By Jody Houser, Francesco Mobili, Geraldo Borges, Rachelle Rosenberg, VC’s Clayton Cowles, and Clayton Crain
Marvel has been giving us a few new 2099 titles, this new series of 2099 comics also gives us a new Venom 2099. Venom 2099 #1 begins with a young girl, Alea, who is getting a new treatment for burns on her arm from her father’s company, Alchemax. Unknown by Alea, Alchemax has been using very small parts of the Venom symbiote for medical procedures. Creating a new title based off an older series is difficult due to how hard it is to make it feel likes its own thing. So does this new take on Venom 2099 feel good and different enough to warrant a new series?
Jody Houser takes on the task of creating a new Venom 2099 for Marvel’s current run of 2099 comics. Houser passes this test with flying colors as she is able to create a comic with a body horror feel to it. The issue slowly builds up as it starts with a defenseless symbiote begging for help and a damaged girl desperate to treat her scars. They both start to change over the issue, for as the symbiote gets angrier, it’s cries for “help” turns into whispers to “kill”. Alea on the other hand, starts off helpless whether it is from healing her scars or dealing with her bully but becomes more in control as she begins to understand the Venom symbiote she has acquired. The relationship between Alea and the symbiote is different from Eddy and Flash right off the bat and it will be interesting to see how it progresses along this series. Venom has had many different series in the past with a number of different writers and hosts but if Houser can continue with this horror theme, this series will truly be memorable.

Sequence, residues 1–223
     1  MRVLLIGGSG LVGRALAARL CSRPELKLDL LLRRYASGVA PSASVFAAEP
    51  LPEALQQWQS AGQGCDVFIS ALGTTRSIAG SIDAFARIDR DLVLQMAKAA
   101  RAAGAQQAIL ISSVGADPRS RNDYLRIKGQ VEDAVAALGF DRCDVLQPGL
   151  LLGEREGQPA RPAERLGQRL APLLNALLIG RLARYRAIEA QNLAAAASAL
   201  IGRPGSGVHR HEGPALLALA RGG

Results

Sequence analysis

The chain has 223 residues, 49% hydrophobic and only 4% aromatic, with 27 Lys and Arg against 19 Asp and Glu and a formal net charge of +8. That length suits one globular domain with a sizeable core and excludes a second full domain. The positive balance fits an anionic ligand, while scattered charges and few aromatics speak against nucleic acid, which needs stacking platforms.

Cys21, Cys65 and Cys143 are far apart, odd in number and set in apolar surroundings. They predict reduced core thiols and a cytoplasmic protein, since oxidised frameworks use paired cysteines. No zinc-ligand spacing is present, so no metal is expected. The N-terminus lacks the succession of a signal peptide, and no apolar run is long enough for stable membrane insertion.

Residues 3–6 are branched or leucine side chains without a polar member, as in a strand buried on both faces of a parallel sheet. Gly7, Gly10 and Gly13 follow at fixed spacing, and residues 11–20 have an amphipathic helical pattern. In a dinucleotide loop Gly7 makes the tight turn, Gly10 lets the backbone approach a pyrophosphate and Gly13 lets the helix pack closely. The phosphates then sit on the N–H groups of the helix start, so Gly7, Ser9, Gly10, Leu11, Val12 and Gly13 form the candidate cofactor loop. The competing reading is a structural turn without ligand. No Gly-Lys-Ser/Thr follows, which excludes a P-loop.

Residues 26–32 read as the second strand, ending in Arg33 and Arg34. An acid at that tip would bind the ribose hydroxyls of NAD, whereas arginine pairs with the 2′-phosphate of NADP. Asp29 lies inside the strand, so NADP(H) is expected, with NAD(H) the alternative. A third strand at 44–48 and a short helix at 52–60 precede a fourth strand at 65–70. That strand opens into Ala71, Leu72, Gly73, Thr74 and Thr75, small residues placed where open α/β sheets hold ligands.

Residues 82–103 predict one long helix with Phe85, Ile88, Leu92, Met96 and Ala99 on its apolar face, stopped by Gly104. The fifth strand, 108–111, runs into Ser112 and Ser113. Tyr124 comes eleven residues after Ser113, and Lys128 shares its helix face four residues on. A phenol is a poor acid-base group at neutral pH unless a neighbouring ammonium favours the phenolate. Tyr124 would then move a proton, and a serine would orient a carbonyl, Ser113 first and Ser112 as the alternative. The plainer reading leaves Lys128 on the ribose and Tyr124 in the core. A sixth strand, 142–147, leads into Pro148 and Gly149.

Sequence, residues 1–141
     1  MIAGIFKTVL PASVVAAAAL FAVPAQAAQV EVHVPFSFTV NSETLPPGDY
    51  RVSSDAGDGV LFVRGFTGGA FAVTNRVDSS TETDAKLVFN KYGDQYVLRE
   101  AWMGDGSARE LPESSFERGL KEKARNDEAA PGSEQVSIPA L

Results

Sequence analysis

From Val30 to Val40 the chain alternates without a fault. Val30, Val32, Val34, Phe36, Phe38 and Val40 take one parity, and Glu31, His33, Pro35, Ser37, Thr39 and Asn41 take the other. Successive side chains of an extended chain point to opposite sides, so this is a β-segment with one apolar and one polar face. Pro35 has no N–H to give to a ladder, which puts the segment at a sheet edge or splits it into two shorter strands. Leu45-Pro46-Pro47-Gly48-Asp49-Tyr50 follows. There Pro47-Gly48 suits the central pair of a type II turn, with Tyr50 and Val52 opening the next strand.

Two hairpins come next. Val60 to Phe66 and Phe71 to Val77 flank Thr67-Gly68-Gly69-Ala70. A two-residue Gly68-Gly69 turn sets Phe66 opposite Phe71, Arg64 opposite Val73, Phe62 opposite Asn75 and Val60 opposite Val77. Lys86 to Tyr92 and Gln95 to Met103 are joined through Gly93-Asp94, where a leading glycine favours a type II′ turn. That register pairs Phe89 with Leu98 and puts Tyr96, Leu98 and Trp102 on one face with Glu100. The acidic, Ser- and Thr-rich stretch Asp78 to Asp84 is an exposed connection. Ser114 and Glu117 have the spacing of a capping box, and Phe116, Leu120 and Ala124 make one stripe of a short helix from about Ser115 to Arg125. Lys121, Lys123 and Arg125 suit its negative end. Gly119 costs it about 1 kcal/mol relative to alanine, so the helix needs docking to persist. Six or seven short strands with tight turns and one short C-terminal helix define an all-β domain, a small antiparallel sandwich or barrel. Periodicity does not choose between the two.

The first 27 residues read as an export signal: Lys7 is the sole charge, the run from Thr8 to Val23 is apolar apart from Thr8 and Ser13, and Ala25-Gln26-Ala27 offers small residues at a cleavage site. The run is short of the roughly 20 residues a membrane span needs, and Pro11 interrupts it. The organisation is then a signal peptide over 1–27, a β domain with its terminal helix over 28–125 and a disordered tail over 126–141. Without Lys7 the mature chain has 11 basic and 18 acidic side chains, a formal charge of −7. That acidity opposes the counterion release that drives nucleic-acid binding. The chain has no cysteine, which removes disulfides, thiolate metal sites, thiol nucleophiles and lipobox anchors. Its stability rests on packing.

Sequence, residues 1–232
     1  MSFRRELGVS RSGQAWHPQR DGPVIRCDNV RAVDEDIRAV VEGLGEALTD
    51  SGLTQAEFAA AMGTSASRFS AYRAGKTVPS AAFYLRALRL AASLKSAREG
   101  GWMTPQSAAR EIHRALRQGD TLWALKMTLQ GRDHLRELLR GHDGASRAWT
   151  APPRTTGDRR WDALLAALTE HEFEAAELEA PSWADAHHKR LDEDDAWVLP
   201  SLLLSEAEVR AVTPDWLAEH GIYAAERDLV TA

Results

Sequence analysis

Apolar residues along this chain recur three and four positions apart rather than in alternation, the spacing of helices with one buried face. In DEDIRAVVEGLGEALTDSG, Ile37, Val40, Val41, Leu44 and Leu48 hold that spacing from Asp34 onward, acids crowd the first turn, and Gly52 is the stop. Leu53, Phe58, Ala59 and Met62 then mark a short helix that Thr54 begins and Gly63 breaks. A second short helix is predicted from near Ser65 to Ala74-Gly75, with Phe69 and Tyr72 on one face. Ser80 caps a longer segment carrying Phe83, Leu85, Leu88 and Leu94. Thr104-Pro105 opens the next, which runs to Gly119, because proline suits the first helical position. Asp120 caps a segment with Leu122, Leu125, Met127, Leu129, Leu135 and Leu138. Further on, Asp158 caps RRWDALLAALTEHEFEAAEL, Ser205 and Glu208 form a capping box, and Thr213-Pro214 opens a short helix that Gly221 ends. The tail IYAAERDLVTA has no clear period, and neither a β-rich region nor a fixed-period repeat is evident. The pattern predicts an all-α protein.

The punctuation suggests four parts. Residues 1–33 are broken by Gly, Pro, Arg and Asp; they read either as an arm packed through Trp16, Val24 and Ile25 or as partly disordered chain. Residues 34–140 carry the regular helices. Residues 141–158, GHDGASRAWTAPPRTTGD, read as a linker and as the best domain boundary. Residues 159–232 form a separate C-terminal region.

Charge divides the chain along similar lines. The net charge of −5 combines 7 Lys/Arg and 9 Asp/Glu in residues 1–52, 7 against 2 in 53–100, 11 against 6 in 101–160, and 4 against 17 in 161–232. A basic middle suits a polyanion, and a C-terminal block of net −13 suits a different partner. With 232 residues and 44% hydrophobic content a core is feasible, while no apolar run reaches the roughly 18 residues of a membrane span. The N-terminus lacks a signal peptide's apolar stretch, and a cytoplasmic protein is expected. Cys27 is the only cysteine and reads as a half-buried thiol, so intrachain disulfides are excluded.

Aside from having a new feel on the writing, the art in this issue perfectly matches the horror tone to this book. Francesco Mobili, Geraldo Borges, Rachelle Rosenberg, and VC’s Clayton Cowles pair well with Houser’s writing by having an art style that has a lot of unsettling tones to it. This is most evident when Alea is getting her “treatment” and starts to have flashbacks of her and Venom’s past. The flashbacks have a yellowish filter to them that gives the reader a feeling they are watching a horror movie despite some of the Venom flashbacks depicting our favorite lovable webhead during his time in the black suit. The look of Venom is deceptively brilliant in this issue in that Venom has a relatively basic design, no white spider symbols here, but the proportions of the body or the vicious look in her smile makes her very intimidating.
It would be easy for Marvel to pump out the old Venom 2099 in a new issue or to really phone it in but Venom 2099 is off to a great start by putting some real effort making it its own thing. Hopefully Venom 2099#1 is a precursor for great things to come and this issue will continue on for a long running series.